Multi-Tool Buying Guide for Campers
If you are in search of a tool which can replace an entire toolbox but manage to squeeze into your backpack or even your pocket, a multi-tool is probably the exact thing for which you have been searching. Essentially, a multi-tool takes a bunch of tools and fits them into a small, compact package tiny enough to slide into a backpack, slip in a pocket, or wear on a belt.
Although they may all appear to be quite similar on the surface, not all multi-tools are created equal. Before going ahead and purchasing the first, the prettiest, most rugged, lightest, cheapest, or most expensive one you find, let’s take a few minutes to consider the ways that multi-tools may differ from one another and how you can go about selecting the right multi-tool for your particular needs.
What Size and Weight Multi-Tool Is Best?
The size and weight of your multi-tool are most important if you plan to take it on a backpacking excursion. Generally speaking, the size shouldn’t make much of a difference in stationary camping situations, since you can keep the tool in your car or packed away in one of your storage containers. Size and weight are mostly important when you are trying to pack the tool into a small area or reduce the amount of weight in your backpack.
How do you know if a multi-tool is a typical size, larger than average, or smaller than average? Honestly, you would have to compare many tools to figure out the answer to that question. Luckily, I’ve already done that for you. All of the tools on this website are average or smaller than average in size and are typical or less than typical weights.
In terms of size, anything around the 4-inch mark is about average. You may be happy to know, however, that you do not need to settle with this size if you are looking for something small for your backpack. Quality multi-tools as tiny as 2.5 inches in length are available on today’s market.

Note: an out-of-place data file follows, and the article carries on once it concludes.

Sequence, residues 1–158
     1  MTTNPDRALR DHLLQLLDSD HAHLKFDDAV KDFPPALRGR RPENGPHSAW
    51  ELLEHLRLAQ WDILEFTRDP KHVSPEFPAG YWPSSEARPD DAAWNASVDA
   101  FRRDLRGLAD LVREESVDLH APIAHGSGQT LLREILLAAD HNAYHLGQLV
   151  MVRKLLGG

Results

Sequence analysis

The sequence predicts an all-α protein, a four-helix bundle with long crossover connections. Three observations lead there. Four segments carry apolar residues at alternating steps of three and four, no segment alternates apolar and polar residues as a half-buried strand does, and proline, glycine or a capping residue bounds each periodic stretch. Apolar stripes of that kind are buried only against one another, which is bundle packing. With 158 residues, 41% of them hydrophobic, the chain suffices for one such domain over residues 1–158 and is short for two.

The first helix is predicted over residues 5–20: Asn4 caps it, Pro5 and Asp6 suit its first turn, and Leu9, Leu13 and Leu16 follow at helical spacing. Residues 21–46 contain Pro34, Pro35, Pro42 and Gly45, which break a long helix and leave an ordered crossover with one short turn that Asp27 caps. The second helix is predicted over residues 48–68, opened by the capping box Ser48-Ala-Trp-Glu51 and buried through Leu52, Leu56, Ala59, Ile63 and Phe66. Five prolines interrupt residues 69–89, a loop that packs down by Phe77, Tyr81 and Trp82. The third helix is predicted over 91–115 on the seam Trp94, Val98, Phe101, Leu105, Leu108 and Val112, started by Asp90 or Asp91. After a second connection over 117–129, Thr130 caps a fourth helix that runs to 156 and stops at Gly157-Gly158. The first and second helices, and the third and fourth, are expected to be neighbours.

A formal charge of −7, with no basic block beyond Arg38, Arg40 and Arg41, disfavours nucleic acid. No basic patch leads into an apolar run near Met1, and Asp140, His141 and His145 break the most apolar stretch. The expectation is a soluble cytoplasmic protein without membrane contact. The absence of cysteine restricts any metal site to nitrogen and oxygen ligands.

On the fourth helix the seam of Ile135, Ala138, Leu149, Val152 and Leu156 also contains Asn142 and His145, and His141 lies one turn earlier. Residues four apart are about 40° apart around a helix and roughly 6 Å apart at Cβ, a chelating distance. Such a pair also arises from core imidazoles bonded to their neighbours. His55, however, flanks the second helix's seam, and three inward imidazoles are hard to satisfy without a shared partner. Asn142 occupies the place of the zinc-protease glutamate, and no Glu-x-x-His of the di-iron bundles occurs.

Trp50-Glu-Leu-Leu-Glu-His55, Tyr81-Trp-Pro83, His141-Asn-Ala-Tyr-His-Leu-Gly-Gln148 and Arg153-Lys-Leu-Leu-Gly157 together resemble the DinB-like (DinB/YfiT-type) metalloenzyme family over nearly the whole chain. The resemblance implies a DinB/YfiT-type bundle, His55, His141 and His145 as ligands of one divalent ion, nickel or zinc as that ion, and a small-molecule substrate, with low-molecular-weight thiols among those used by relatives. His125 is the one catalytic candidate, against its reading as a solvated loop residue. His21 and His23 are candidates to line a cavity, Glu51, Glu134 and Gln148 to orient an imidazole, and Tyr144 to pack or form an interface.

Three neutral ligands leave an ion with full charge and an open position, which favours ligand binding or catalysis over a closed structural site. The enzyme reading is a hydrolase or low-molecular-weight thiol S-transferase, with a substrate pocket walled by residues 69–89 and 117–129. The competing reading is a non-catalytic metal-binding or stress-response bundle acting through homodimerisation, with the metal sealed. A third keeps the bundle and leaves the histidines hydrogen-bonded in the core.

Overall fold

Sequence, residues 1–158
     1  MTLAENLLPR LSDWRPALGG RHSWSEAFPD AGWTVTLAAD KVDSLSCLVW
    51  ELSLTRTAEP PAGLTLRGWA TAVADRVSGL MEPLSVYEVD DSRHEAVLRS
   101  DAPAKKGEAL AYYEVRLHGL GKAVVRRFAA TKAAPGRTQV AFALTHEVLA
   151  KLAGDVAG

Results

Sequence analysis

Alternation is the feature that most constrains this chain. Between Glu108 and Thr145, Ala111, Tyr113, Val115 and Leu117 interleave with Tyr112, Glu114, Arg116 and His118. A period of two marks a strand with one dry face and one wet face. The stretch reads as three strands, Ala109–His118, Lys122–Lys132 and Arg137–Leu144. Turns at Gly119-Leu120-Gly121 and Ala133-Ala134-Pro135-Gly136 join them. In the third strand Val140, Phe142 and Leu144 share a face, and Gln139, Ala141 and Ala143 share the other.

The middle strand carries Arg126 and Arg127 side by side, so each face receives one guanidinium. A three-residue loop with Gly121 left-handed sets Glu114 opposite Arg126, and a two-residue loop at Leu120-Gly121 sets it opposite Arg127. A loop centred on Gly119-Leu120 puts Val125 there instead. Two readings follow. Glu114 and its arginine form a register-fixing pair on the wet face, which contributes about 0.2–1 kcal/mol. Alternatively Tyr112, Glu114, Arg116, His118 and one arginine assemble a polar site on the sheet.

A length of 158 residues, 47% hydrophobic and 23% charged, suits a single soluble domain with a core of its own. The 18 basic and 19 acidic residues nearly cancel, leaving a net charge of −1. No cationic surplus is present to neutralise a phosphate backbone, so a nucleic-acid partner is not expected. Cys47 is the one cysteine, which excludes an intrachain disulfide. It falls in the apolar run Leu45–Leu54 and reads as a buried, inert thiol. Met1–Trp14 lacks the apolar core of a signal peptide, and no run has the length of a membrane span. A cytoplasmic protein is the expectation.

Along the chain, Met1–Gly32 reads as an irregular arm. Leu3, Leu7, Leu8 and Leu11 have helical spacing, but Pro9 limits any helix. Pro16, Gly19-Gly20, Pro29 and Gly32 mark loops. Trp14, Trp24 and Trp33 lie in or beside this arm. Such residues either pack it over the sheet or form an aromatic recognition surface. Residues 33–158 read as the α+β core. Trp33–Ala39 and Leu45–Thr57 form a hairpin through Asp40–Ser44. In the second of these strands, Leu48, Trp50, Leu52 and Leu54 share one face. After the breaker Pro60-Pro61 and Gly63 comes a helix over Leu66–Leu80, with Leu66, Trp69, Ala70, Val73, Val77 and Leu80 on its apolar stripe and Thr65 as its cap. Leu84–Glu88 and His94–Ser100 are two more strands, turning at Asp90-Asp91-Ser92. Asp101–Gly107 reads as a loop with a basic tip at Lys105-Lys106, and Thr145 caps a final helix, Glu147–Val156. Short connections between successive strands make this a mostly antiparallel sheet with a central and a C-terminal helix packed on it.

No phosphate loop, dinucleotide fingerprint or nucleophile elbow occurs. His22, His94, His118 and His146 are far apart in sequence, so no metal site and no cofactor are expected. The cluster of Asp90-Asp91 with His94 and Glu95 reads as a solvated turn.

The typical weight of a multi-tool is somewhere around 8 to 10 ounces. If you are willing to pay more or sacrifice a few tools, however, you may find one as light as 5 ounces. If the weight of the item isn’t clearly written on its packaging or in its product description, look for tools with handles which have designs cut out of them. Removing these extra pieces of steel not only makes a tool look interesting, it also reduces its overall weight.
Which Tools Should Your Multi-Tool Include?
The type of tools your multi-tool should include depends upon how you intend to use it. Even though everyone visiting this website is planning to take their multi-tool on some sort of a camping trip, we must remember that some of you are probably going on trips which are much different than those in which others of you will plan. For example, some of you will be going on backpacking adventures in the back country with very little in the way of supplies. Some of you will be building fires from scratch, catching or foraging for your own food. Meanwhile, others of you will be camping from your car, bringing food and firewood with you or purchasing it at your campsite. The types of tools each of these types of people will require are drastically different.
Stationary campers, also known as car campers, are those people who camp in tents or trailers at campgrounds and bring an assortment of accessories and amenities with them on their trips. These people will probably only require multi-tools with the most basic of functions, such as knives and screwdrivers.
If you are a backpacker or someone who enjoys camping with as little as possible, you will want to consider purchasing a multi-tool which features the same basic things that the stationary campers will need, in addition to a few extra pieces. For example, a saw may be especially helpful to you. Though you won’t find a multi-tool with something large enough to split logs, a saw can be helpful in meal preparation (if you catch live food) as well as cutting small twigs and branches for kindling. You may also want to consider a tool which is capable of descaling a fish and removing fish hooks, and which includes a pair of scissors for opening dehydrated food packets as well as other unexpected needs. A can opener and bottle opener may also be helpful, depending upon the type of food you plan to pack.
Essentially, the best thing to do when selecting a multi-tool based on the tools it includes is to run through a typical day in your camping life to see what you may need for it. Next, you should ask yourself, “What unexpected emergencies may happen upon me as I am camping or backpacking?” Things break and medical issues may come up, so it is always good to have the necessary tools for dealing with those situations.
Look For Quality
A quality multi-tool is rust-resistant and should, therefore, be made primarily from some form of stainless steel. Also worth considering is that knife blades made from high carbon stainless steel may be slightly less rust resistant but will keep their sharp edge for much longer, ultimately making them more useful.